As far as this set goes, it comes both on Blu Ray and for some reason DVD. There are 4 blu ray discs and 5 DVDs. The show looks and sounds great on blu ray as you would expect. My only complaint about the blu rays is there there is no season mode. So even if you use the play all option, if you stop in the middle of an episode it does not pick back up where you stopped it. As far as extras go, there are commentary tracks on select episodes, deleted scenes for many of the episodes, a 30 min "making of" feature, an 18 min feature on the stunts, a panel discussion and gag reel. Definitely enough to keep those who like the bonus material happy.
88 of 119 people found the following review helpful
Ok, you all know that citan does not play it safe with his reviews. He just goes out there and gives his opinion to anyone who may be interested. So, I will just come out and boldly predict that this show will make it. And it will get a second season.
Straight as an arrow is how I would describe the plot. Young man comes back from an isolated island, wiser and more mature than when he first got there. Not only that, he has learned some pretty extreme survival skills. He comes back to his city, vowing to set old wrongs to rights. He systematically tracks down the predators who continue to victimize the weak and the poor. Throw along a whole lot of drama brought on by a dysfunctional family, obscene wealth, and some intriguing mystery to add to the spice. And what you have here is a show that might fill the vacuum left behind by Smallville.
Stephen Amell plays the role of Oliver Queen, the Arrow. Formerly a playboy who has failed at everything he has ever done right up until he gets shipwrecked off the coast of a mysterious island. Paul Blackthorne is the policeman who wants to track down the Arrow. Both play their parts very well. Amell's hooded archer is certainly a different personality from the one played by Justin Hartley. Amell's Oliver Queen comes across as a brooding, moody, and abrasive person.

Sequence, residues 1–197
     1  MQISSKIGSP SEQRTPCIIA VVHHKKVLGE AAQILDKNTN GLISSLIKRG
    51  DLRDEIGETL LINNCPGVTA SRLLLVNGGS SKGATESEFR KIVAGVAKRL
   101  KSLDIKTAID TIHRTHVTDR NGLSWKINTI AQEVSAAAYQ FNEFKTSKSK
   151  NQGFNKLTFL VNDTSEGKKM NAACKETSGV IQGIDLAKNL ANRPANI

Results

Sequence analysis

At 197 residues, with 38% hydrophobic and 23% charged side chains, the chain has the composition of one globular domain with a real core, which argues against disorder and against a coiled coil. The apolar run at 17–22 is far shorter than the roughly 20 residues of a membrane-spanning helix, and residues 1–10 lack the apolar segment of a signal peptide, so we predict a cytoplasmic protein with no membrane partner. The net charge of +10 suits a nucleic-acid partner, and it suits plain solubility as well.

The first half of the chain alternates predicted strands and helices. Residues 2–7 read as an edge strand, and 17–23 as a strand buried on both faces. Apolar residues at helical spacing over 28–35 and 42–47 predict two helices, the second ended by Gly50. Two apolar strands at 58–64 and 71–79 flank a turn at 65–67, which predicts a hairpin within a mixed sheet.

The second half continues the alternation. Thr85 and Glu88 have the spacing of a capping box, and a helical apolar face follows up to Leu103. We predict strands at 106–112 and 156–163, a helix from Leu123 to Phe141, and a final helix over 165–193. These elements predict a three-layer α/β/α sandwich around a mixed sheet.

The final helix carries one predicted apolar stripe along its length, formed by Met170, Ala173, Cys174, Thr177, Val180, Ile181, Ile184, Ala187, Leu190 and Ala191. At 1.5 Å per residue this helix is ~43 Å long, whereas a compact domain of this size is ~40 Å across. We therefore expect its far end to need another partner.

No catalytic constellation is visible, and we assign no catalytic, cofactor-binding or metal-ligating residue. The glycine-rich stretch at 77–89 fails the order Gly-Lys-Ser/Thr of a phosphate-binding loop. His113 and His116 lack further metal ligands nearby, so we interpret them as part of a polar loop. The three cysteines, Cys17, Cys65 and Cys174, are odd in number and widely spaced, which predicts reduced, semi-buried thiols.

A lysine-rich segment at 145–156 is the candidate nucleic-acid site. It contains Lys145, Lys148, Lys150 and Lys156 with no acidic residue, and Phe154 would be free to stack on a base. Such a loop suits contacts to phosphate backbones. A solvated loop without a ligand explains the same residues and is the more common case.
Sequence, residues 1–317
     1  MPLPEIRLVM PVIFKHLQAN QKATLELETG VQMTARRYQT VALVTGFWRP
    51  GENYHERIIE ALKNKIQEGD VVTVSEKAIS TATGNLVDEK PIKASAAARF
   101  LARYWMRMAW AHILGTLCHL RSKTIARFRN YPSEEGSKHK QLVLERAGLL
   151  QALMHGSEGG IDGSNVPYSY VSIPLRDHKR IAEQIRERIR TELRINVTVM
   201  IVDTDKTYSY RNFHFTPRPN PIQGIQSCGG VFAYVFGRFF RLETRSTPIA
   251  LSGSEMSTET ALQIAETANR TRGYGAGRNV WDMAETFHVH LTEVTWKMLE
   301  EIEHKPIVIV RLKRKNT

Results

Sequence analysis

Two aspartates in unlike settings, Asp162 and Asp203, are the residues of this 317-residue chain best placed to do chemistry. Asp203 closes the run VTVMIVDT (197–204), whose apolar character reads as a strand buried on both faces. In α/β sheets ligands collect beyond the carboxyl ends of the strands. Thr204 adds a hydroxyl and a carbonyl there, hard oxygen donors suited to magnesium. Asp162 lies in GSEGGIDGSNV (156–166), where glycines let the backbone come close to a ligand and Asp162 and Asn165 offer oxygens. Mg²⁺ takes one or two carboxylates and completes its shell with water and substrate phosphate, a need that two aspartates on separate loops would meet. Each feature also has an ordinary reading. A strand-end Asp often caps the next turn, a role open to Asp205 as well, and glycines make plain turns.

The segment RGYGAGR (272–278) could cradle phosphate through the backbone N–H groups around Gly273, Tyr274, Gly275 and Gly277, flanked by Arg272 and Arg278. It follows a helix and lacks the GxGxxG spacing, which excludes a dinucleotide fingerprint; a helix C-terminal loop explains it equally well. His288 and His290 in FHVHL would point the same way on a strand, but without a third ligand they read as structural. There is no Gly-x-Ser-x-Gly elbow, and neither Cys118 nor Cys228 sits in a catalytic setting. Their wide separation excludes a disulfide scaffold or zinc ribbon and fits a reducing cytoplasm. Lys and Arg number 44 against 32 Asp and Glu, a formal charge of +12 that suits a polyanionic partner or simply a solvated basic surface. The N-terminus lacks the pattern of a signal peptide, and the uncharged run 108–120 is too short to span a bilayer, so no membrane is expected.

Surrounded by his manipulative mother, bratty little sister, and ambitious step-father, Oliver sacrifices his public image in order to hide his true identity. Going out of his way to appear like the same immature playboy that got shipwrecked five years ago has costed him the respect of the people around him. Methodically and systematically tracking down the bad guys on his father's list, he catches the attention of Detective Lance. Lance sees the Arrow as some uncontrolled vigilante who needs to be apprehended. To make his identity changing activities more challenging, Oliver is shadowed by a personal bodyguard, John Diggle, assigned to him by his mother. At this point, we do not yet know where Diggle's loyalties are. Nor do we know exactly what happened to Oliver on that pacific island. For the moment, Diggle and Tommy form Oliver's entourage. Neither of the two know of his night-time, covert activities. Whose side will they take when do eventually find out?
In any case, this show is good. I suspect it will hang around for quite some time.
20 of 26 people found the following review helpful
What happens to a millionaire playboy stranded on a remote island for five years? Ben Gunn from Treasure Island was completely mad in a little over two, Chuck Noland in Cast Away developed a profound relationship with a volleyball in three and Gilligan did almost everything imaginable in less than four. But five years of playing survivor, throw in some dangerous adversaries and even torture and you just might get a superhero.
During his time on the island Oliver Queen had only one article from his past life: a ledger of his father's pointing to a family legacy built on corruption and exploitation which provides the driving force for survival as he feels an obligation to rectify the wrongs he believes his family has perpetrated on the citizens of Starling City. Oliver has also learned to hold on to the memories dearest to him in order to survive but after rescue from the living nightmare in episode one, he returns to find that the family he idealized has moved on; his mother has remarried and the attitude that his baby sister now possesses could probably be best described as ambivalence. His mother unknowingly hires a bodyguard for her less than helpless son that ends up quitting when he discovers the secret identity of his charge. But the ethical nature of this character provides a counter to Oliver's single-minded pursuit of justice as he later convinces him to assist in the logistics of his mission although I believe he needs him more as a conscience and a compass to what should be done as opposed to what the Green Arrow is capable of.